How do I tell my child the truth?
Recently my daughter was watching the promo shots for the upcoming Olympics. After she watched some skaters, she announced that she wanted to be an Olympic figure skater. She was very serious. She is 16 and has never even been on the ice. I tried to do all the logical stuff but her heart and mind are made up. I don’t want to take away her dreams, that is not fair to her. But I don’t know what to do.
My son wants to play pro football. He is a huge Ravens fan and is sure he could make the team. He is not particularly strong, in fact, his body is rather slight. Additionally, he has some cognitive challenges that I believe would prevent him from learning any plays. I just can’t tell him the truth that this will never happen. I can’t dash his dreams. What should I do?
My daughter can lip synch almost every song. She is sure she will have a singing group and a band one day. It is good she can lip synch because she can’t really sing at all. I have mentioned that very few people make the grade and make big money in the music world but she is sure she will. How can I tell her this is a pipe dream that will never come to pass. She doesn’t believe me.
Our children need us to believe in them. Our children need us to support their dreams. But most of all our children need us to be honest with them.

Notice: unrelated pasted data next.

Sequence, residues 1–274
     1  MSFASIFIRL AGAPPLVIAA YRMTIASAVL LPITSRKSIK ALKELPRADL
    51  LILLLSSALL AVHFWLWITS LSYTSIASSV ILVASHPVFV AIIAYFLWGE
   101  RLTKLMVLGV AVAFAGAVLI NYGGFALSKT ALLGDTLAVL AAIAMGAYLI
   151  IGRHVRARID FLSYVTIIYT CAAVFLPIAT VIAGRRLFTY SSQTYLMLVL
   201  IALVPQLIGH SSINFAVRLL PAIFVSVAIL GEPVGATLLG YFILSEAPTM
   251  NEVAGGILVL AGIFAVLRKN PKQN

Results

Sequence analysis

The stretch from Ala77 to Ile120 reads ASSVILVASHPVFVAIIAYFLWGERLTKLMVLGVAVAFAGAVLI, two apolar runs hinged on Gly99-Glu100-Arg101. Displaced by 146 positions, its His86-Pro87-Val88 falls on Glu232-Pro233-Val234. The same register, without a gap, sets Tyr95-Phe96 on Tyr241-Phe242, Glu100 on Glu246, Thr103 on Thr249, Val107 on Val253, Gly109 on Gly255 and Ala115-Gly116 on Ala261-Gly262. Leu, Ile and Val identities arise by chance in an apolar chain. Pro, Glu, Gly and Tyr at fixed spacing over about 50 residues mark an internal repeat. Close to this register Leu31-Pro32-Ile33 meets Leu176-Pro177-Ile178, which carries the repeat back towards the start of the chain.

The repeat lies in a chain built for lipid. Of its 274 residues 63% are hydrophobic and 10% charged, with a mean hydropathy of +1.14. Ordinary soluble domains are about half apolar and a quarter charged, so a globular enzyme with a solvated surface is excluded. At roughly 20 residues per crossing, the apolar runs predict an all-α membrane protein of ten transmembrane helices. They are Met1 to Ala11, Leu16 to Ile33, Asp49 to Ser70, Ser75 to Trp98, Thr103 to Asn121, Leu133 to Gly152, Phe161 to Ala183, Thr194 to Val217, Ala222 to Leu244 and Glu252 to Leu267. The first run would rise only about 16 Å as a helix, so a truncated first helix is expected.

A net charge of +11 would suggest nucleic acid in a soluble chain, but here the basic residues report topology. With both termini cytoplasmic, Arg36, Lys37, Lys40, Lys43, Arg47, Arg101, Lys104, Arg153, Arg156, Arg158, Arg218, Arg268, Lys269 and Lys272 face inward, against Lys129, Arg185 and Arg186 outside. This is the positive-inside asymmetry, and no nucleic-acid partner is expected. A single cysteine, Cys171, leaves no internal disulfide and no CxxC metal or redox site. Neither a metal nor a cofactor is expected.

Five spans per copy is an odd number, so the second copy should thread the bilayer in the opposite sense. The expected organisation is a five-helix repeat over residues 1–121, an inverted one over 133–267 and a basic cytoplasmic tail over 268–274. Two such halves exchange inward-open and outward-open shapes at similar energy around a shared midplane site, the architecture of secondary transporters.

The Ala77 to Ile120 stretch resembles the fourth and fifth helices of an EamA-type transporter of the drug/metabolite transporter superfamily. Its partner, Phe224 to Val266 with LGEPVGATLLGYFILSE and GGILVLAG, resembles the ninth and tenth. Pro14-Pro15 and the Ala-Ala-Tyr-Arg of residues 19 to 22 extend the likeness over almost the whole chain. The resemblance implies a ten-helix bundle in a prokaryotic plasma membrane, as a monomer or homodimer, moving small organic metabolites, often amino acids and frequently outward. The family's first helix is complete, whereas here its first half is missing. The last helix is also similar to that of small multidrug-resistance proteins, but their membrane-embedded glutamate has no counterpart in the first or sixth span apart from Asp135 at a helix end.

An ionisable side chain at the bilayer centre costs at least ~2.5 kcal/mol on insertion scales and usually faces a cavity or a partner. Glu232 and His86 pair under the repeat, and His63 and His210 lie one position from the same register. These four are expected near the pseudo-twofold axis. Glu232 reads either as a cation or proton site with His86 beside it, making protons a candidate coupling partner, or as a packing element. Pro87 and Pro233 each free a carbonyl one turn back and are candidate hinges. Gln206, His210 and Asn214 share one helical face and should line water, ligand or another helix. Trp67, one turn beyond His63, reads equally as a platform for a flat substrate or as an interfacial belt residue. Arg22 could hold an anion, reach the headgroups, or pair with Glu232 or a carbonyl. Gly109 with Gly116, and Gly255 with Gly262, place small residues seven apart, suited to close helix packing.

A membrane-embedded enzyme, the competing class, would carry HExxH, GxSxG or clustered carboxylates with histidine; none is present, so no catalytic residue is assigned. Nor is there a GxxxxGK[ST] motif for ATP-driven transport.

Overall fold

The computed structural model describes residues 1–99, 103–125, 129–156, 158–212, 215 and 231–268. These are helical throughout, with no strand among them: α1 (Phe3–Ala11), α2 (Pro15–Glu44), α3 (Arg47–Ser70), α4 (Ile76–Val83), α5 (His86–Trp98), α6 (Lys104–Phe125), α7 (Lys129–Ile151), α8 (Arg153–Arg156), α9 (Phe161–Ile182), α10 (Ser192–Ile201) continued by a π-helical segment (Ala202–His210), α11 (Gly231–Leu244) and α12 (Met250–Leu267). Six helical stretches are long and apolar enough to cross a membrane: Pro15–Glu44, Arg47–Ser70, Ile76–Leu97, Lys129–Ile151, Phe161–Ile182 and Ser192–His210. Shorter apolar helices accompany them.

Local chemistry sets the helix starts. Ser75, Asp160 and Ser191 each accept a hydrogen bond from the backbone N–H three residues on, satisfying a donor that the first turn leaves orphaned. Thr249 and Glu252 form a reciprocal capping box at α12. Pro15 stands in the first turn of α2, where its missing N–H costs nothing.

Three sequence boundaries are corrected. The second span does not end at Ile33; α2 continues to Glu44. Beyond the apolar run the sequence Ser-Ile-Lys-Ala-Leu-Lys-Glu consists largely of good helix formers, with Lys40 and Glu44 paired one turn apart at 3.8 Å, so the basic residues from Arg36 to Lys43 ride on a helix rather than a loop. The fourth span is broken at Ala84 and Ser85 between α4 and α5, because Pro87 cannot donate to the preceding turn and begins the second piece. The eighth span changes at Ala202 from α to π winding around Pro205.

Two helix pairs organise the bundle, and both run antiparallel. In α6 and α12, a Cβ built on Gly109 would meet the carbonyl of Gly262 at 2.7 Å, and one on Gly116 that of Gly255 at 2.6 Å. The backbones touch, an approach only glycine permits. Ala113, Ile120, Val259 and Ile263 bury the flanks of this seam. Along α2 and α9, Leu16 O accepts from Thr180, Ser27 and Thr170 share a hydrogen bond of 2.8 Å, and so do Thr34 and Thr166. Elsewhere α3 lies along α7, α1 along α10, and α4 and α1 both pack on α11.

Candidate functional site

There is an old saying, that the best way to show that a stick is crooked is to place a straight stick alongside of it. We do our children no benefit to allow them to continue to go down a path that will never lead to the goal they have in mind. First of all, it is dishonest and secondly while I am chasing a rainbow I am not preparing for what could be the real pot of gold in my future.
So, what is a parent to do. There are two approaches that can operate simultaneously. Begin with that crooked stick. Together with your child identify the skills required of the dream job. Ask your child if he/she has those skills. If the child says yes, then push the envelope and ask your child to demonstrate those skills. If the child says he or she can learn them, don’t be afraid to hold up that mirror and show your child that the skills haven’t come yet and probably won’t.
Then before you totally dash all hope, move to a reasonable approximation of the dream. A youngster may want to be a veterinarian. The fact is it is tougher to become a veterinarian than it is to become a medical doctor. There are fewer schools of veterinary medicine so it is much harder to get into one. But there are jobs and training programs for vet techs or veterinary assistants. Kennels always need good help. A child can still be with animals and help make animals well.
There are lots of other approximation jobs that are differently skilled than the so-called dream jobs.
Above all, you want your children to tell you the truth so you owe it to them to be honest with them as well.